▲ Myles Horne and Jessie Dishaw tying the marital knot with a traditional Korean ceremony. Photo by Brian Miller
The wedding, the bride and the groom had much in common — all were fun, funny, unique, a little rough around the edges but a genuine pleasure.
A message on Facebook weeks prior announced the event to friends of Myles Horne and Jessie Dishaw (the groom and bride, respectively): “Traditional Korean Wedding between a couple of Waegooks.” For those unfamiliar with the term, waegook means foreign, from the word waegookin, for foreigner.
The wedding was held on Saturday, May 22, at the Hyangyo Confucian school. Despite rain preventing a hoped-for outdoor wedding, the 150 or so guests thoroughly enjoyed the event. Brian Miller, the photographer for the event, said it was one of the best weddings he has ever attended.
In accordance with Korean tradition, the ceremony was held at a Buddhist temple rather than a church, with guests seated on the floor rather than at pews. The wedding party was adorned in decorated hanbok (traditional Korean attire) rather than Western formal attire. No rings were exchanged, although wooden geese were. It is said that the exchange of the geese is important because they represent Korean marital values in two ways: first, a wild goose maintains the same mate for life and second, even in flight they maintain structure and hierarchy, reflected also in Confucian ideals.
The ceremony took less than an hour and was conducted in Korean with English translation. “If you’re going to have a translator,” Dishaw said, “try and get a script in advance. Translation can get difficult if it’s happening on the fly.”
Due to language barriers and unfamiliarity with Korean tradition, there were a few misplaced bows and other minor breaches of decorum that every-body — including the bride and groom — seemed to enjoy. “The mistakes made it more fun for us,” Dishaw said, although both she and Horne added that having a dress rehearsal the day before the wedding might be a good idea for foreigners looking to do something similar.
“Jeju is a big part of our lives,” Horne said, to explain why they chose a Korean-style wedding. “We wanted to do something that would stick with us for our whole lives.” Marriage, for him, meant a “public declaration of our commitment to each other,” he said. Dishaw expressed similar sentiments, and said — tongue in cheek — that the wedding signified “making a choice about the person I’m going to have to put up with for the rest of my life”.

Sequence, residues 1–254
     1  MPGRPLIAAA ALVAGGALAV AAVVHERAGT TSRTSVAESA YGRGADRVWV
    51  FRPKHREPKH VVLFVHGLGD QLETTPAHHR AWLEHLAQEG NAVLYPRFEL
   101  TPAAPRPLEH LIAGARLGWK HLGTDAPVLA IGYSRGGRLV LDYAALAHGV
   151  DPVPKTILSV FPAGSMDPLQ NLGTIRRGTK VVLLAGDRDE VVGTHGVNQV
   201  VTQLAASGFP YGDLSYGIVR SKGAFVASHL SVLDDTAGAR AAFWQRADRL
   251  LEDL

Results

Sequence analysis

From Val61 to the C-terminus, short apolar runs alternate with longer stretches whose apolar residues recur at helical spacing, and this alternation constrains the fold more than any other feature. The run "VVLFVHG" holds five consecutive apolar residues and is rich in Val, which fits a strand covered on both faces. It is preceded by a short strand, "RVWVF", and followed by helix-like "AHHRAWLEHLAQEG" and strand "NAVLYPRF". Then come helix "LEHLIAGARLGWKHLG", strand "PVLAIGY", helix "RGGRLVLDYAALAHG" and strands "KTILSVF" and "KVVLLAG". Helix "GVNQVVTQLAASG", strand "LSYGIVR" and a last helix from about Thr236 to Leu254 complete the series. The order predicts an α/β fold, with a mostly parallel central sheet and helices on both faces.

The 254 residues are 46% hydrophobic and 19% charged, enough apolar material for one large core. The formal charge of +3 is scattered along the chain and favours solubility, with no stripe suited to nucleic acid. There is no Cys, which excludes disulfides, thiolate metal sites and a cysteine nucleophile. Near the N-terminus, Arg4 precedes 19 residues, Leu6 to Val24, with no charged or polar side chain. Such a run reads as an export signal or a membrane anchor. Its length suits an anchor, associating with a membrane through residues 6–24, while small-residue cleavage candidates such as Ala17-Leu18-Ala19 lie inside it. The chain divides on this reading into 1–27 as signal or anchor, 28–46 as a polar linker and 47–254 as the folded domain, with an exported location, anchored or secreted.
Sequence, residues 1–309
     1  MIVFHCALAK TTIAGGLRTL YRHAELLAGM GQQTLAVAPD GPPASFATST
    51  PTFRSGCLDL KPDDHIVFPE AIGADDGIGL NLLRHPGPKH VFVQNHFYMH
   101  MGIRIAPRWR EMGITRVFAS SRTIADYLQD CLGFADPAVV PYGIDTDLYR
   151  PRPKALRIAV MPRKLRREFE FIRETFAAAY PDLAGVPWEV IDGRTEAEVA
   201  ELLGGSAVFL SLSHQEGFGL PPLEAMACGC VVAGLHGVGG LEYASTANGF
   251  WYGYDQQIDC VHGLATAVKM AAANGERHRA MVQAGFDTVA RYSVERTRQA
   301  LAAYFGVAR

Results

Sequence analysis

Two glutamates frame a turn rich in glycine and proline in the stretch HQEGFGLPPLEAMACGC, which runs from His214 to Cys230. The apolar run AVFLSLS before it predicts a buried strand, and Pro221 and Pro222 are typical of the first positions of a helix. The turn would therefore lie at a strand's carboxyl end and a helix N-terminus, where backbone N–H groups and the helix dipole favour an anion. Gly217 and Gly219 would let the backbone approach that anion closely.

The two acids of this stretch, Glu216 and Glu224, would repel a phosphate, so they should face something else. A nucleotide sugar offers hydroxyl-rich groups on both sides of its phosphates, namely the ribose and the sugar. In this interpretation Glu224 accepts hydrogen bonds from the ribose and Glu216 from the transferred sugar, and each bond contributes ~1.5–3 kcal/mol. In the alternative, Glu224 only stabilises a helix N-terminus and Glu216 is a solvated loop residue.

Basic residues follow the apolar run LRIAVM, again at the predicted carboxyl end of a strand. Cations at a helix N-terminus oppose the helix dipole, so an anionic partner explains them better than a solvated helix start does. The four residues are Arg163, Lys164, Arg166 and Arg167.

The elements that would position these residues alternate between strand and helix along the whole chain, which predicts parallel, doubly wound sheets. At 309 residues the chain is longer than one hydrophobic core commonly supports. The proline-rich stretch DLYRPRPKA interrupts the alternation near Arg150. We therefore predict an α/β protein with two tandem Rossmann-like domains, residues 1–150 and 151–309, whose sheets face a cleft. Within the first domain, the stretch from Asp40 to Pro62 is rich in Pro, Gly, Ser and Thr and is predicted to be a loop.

Dishaw, unlike most Korean females, has tattoos on her arms and elsewhere, as well as a unique and uncompromising style of dress. Even her hanbok bore a stamp of her style in the form of a skull and crossbones patch on the skirt. She might not be the first person you would expect to be the creator and host of a Jeju sewing circle (called “stitch ’n’ bitch”) and some, on first meeting her, are surprised to learn that not only is she a certified teacher, but a highly respected one. She is TEFL-certified and was selected by the Jeju Provincial Office of Education to represent all foreign ESL teachers in Jeju at the official ribbon-cutting ceremony for the 2010 Jeju International Cultural Festival. She was also awarded a 2009 Certificate of Merit, given to the top EPIK teachers, edited the current Grade 2 curriculum for the Jeju Provincial Office of Education and is vice-president of the Jeju chapter of KOTESOL (Korea Teachers of English to Speakers of Other Languages). In addition, she is a star player in the Jeju volleyball and Frisbee tournaments.
Horne, who typically sports a Mohawk haircut, throws no less of a monkey-wrench in the machinery of stereotypes. He is one of few English teachers with an engineering degree and plays a significant part in the Jeju expat community, volunteering his time not only for Furey fund, which raises money for the widow and sons of former Jeju teacher Nathan Furey, but is also an air-soft coordinator.
The two are both from Saskatchewan, Canada, but only met on Jeju.
Horne’s proposal was also memorable and shared by many in the local com-munity. During one of the many open-mic festivals that Dishaw organizes, Horne took to the stage, kneeled and proposed with a ring that a mutual friend made while living on Jeju.
The newlyweds live in Jocheon, Jeju, and currently have no plans to leave the island.
ⓒ Jeju Weekly 2009 (http://www.jejuweekly.com)
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